Fear of people from alien cultures traumatised by the experience of war has spooked an ever growing number of European citizens, who have turned to populist politicians with readily accessible answers to this 'problem'.
The political mainstream have failed to respond adequately: initially because they thought it was beneath them, and latterly because it is a problem that requires sophisticated responses over a stretched time frame. The blowback from Iraq is the death of the European project.
Who trusts 'experts' now?
The recent Brexit vote provides the fourth lesson: the death of expertise. The Blair government's use and abuse of intelligence product has undermined the public's confidence in expert advice. No longer can the government trot out experts to validate its case.
The trashing of dozens of eminent economists, trade experts, scientists, lawyers, academics by the Leave campaign has its origins in the Blair government's packaging of the Iraq intelligence picture. The public were told to trust intelligence analysts and to do so on faith - not only were these analysts deeply expert, they also had access to information beyond the reach of the public and even most parliamentarians.
It was not the analysis that turned out to be false, but the packaging, but the damage had been done: expertise was no longer to be trusted. Such a change in culture allowed the Leave campaign to undermine the evidence based analysis brought into support the remain side and strongly contributed to the shock decision to Brexit.
It has also seen the end of Blair's social democratic vision of 'third way politics', not just in the UK but across large swathes of the EU: insurgent parties are on the march. It is difficult to see how the political establishment who dominated at the time of the decision to go to war with Iraq re-establishes the trust it needs with the public.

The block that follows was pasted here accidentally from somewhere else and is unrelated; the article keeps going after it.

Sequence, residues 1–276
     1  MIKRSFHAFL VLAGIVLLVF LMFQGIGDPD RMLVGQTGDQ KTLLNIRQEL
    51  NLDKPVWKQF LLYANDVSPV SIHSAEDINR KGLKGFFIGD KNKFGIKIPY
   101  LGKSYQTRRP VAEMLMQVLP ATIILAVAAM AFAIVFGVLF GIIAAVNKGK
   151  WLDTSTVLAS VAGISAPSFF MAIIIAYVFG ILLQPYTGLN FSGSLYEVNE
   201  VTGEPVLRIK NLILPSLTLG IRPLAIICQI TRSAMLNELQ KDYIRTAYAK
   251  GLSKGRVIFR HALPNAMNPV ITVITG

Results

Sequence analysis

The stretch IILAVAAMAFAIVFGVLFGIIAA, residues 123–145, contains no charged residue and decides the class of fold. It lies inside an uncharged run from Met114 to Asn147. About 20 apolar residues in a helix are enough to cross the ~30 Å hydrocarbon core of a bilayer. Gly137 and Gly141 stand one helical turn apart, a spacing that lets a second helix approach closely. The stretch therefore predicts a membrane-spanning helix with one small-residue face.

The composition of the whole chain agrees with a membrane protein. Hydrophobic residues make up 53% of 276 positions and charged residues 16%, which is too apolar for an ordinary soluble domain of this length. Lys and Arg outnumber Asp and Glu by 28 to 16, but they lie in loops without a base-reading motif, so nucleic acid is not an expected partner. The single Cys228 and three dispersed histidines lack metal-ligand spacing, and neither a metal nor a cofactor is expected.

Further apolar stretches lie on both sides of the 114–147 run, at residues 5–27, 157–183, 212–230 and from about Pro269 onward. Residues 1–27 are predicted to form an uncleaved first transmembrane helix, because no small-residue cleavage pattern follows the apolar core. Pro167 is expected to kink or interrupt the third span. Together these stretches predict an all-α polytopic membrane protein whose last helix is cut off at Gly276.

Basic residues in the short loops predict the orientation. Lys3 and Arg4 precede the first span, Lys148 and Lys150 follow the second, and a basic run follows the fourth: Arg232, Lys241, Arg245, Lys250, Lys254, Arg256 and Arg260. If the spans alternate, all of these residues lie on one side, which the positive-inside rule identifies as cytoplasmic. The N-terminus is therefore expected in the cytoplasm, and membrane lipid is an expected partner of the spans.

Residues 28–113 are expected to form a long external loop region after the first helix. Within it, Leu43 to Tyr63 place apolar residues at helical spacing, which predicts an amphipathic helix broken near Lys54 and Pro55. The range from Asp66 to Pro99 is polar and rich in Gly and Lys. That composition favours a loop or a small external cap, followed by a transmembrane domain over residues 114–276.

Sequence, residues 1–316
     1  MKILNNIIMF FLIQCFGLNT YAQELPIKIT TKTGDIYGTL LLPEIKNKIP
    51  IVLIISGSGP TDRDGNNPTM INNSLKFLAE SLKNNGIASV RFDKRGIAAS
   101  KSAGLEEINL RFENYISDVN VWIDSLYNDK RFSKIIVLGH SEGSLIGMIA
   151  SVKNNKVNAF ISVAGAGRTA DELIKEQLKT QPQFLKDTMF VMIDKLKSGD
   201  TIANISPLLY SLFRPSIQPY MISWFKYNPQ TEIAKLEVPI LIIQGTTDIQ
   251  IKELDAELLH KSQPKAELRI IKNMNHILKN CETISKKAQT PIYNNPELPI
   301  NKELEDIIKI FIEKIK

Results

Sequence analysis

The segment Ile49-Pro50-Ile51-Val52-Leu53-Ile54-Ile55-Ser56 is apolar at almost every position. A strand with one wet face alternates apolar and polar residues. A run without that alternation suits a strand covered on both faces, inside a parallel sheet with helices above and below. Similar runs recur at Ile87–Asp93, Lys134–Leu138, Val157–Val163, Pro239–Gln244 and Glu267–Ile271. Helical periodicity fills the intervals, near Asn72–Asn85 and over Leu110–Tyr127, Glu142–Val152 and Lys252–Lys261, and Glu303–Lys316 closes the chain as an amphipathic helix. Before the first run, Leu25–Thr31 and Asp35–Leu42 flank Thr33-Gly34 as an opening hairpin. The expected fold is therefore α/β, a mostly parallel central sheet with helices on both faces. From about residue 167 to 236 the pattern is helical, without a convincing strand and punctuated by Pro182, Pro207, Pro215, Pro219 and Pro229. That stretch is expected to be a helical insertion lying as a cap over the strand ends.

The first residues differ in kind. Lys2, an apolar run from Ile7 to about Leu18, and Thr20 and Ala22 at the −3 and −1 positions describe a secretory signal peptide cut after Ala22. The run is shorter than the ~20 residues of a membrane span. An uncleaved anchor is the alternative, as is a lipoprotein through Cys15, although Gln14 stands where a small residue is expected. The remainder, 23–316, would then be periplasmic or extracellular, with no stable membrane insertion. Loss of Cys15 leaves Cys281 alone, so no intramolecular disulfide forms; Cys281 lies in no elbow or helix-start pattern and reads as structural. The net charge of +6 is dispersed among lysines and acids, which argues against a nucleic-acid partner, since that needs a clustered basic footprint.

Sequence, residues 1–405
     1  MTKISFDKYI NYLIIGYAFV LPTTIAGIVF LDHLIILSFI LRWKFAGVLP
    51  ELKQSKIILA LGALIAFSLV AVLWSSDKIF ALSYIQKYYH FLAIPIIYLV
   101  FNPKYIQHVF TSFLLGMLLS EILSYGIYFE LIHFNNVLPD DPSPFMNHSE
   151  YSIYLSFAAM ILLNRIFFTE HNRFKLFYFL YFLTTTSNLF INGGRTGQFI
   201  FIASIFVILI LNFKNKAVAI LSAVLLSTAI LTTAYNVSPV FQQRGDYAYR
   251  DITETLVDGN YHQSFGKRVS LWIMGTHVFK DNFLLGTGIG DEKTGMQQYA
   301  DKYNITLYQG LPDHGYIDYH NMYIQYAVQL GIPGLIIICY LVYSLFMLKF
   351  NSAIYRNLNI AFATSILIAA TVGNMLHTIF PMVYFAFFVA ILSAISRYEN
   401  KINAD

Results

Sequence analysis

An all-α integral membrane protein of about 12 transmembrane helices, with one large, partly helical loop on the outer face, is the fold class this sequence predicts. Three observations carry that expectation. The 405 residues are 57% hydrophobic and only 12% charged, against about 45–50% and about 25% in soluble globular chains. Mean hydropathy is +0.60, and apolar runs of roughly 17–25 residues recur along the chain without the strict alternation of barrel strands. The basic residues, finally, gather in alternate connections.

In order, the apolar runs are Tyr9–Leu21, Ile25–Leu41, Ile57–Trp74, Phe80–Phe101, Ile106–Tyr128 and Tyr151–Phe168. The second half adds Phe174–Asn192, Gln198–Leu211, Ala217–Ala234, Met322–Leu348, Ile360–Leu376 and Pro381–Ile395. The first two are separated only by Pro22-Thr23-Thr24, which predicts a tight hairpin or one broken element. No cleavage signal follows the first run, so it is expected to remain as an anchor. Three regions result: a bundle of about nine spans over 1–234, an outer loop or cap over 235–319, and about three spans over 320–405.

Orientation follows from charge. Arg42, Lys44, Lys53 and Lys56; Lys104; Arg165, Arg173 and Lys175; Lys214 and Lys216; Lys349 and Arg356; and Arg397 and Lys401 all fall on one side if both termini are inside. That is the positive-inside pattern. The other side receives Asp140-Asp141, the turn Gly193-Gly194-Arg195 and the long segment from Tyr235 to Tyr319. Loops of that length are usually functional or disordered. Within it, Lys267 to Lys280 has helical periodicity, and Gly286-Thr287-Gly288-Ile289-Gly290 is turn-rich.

The vital message the Chilcot report will withhold
So, the Chilcot report is likely to criticise Tony Blair and his government. It is likely to say he committed the UK to war earlier than he likes to admit and on a hunch that he could contain the wilder excesses of the Bush Administration.
It is likely to say that defence planners estimated that it would take at least 15 years to return Iraq to stability, and that this has proved to be a conservative estimate, not the wild over-estimate that politicians suggested at the time.
Chilcot is likely to say that intelligence officials warned Blair that the jihadists would bring their war to the streets of the UK and that Blair's judgement was that he should seek to meet them on his terms, aggressively and early.
The Chilcot Inquiry will tell us a lot of what we already know. But it will not tell us that the Iraq war sowed the seeds for the collapse of the European project, for fundamental changes in our political culture and the creation of a world in which it is becoming less safe for Europeans to travel.
But it is these impacts which we are currently feeling today, and are more deserving of our collective attention.
Dr Robert Dover is Senior Lecturer in Intelligence and International Security at the University of Leicester. He is on the Editorial Board of the Journal of Intelligence History, and SageOpen. He, with Michael Goodman and Richard Aldrich, form the editorial board for the Hurst series on Intelligence and Security.
This article was originally published by Think: Leicester.